Exciting times, what do you think?
       
    2. dirk

      dirk CI-Founder

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      Here is a very interesting Video-Interview with Panasonice in which they discuss all the details about the G9 and the new tele lens Pana-Leica 200/2.8. Please bear in mind that in the price of the tele lens, also the 1.4x teleconverter is already included ;)



      The video is almost 1 hour long.
       
    3. afshalders

      afshalders New Member

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      I'm a big fan of Panasonic cameras. The only, let's say, drawback is the smaller sensor size compared to an APS size sensor. But in every other aspect the G series rocks. I had the GF1 and still have a G2 and a GX7 (and a LX100). Focus speed is blazing fast and precise, exposure is always correct and I must say that the 4K video from the LX100 is superb. I also tested a G7 and it was impressive, much better than any sub $1500 Nikon I had in hands.

      I think it would be perfectly possible to be a D500 killer, considering the cost. Nikon lost its bearing, too many launchs, too many recalls and honestly they were never able to make a decent quality compact.
       
    4. dirk

      dirk CI-Founder

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      I am curious about the progress of the AF of the G9. The AF of the G9 shall be significantly better/faster than all previous Panasonic models. According to the video interview above (minute 32-41). And the older models were not bad at all ;)

      I will have the opportunity to have a closer look at a pre-production model end of November. I hope to be able to test the AF then too.

      AF and viewfinder have been the two main disadvantages of MLU in the past vs. DSLRs. If Panasonic is able to "equalize" this with the G9, this would be a big step for the MLU sector. At least for Panasonic MLUs :)
       
    5. dirk

      dirk CI-Founder

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      Here are 2 other videos about the Panasonic Lumix G9, which give a very good impression of what the camera is capable:





      (very long)
       
    6. dirk

      dirk CI-Founder

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      I was at a trade show last week-end and had a few minutes to look closer at the Panasonic G9. Unfortunately I could not keep the images.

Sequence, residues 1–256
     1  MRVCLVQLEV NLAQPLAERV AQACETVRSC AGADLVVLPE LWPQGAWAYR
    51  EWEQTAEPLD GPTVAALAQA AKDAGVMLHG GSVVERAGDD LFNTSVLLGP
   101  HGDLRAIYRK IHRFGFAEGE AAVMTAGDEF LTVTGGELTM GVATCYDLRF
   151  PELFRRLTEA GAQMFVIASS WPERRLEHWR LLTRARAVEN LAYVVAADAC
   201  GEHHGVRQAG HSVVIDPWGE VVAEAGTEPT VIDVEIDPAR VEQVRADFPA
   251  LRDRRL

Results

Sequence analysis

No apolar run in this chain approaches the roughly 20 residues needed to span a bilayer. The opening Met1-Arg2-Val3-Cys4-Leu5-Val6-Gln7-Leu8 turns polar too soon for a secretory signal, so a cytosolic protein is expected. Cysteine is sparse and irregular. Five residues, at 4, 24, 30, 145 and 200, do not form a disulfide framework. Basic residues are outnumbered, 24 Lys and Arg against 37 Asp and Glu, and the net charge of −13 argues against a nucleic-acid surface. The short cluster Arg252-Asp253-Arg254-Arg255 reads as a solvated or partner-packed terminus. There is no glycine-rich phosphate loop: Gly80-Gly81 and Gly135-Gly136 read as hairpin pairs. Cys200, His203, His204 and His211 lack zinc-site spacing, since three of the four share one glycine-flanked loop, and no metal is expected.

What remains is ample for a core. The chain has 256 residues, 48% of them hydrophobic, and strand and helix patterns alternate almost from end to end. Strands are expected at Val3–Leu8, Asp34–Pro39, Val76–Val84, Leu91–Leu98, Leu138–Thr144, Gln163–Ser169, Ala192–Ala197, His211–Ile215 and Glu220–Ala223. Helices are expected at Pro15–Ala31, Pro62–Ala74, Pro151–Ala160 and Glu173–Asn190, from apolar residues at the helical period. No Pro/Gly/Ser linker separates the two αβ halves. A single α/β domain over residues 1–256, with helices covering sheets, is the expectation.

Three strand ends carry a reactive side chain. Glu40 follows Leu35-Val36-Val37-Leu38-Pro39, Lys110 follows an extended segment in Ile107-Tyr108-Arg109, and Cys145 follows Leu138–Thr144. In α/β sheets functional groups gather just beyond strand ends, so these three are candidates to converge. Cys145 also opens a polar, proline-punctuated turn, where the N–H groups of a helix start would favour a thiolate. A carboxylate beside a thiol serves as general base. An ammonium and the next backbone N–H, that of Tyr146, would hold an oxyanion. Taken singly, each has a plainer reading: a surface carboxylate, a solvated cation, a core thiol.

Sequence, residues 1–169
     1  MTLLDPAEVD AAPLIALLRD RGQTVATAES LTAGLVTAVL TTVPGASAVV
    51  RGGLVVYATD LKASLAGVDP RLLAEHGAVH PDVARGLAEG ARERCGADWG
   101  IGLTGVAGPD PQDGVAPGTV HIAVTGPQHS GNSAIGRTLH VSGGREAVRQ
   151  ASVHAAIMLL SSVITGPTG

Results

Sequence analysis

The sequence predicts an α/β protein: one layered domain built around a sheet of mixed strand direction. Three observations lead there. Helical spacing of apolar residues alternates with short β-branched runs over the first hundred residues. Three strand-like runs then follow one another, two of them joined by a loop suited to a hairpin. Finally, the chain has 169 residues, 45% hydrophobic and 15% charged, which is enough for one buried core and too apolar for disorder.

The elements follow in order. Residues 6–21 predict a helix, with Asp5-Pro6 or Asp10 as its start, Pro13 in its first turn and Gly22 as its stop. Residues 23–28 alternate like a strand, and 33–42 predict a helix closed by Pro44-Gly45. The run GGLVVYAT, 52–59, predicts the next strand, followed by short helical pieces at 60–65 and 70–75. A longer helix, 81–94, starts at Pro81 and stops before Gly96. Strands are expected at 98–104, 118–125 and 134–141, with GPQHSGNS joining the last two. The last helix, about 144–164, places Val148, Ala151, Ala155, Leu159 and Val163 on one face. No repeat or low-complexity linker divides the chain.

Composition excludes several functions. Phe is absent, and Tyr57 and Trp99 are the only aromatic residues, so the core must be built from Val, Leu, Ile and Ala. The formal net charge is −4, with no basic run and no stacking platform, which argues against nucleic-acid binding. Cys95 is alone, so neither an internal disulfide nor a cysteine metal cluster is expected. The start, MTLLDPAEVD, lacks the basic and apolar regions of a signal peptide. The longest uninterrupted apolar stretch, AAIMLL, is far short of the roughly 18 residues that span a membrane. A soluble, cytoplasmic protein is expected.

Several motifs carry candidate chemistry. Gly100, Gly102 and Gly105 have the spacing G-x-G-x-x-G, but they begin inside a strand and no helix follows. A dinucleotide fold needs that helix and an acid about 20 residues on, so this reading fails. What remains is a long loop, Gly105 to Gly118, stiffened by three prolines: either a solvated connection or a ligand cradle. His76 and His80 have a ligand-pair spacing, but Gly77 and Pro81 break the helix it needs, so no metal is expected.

I just wanted to test the AF and I can already say that the AF of the Panasonic Lumix G9 is really fast. Very, very fast. At least the speed of the Nikon D800, if not faster. I could only test it in a showroom with bad lightenig, because it was raining all day outside and I was not allowed to go outside with the camera.

      So AF speed is a non-issue with that camera. I hope to get more time in two weeks when attending a G9 event. The handling is excellent and the G9 has the same individual AF setting options as the GH5. The viewfinder is also excellent. I wear glasses and I even did not need to switch to other magnifications to see the image comfortable within the EVF.

      Regarding AF-speed. The AF speed of all Panasonic cameras is the best with Panasonic lenses. If you use Olympus lenses on a Panasonic body, the AF can not use the DFD system, because there are no data stored about Olympus lenses. So with Olympus lenses the G9 and all other Panasonic cameras are using only the normal contrast detect AF, which is sometimes slower than the Olympus AF of Olympus bodies with Olympus lenses.

      But the same is also true from the other side. Panasonic lenses are not as fast on Olympus bodies as on Panasonic bodies. The PDAF system of Olympus can not match the speed of CDAF with DFD combined.

      So if you want to have the best speed/accuracy in AF, use Oly lenses on Oly bodies and Pana lenses on Pana bodies. Bear in mind that we are talking here already on a very high level and not everybody needs that kind of AF speed. I have no problems at all to use my Olympus 75-300 MkII on my Panasonic GX85 body for surfers ;)

      I still am a fan of RF-styled cameras. So I woul love to see in 2018 a kind of GX9, maybe with less fps etc. to differentiate also in price, but a 120fps viewfinder, the same AF speed and accuracy, same sensor etc. And please not bigger than my GX80/85 :)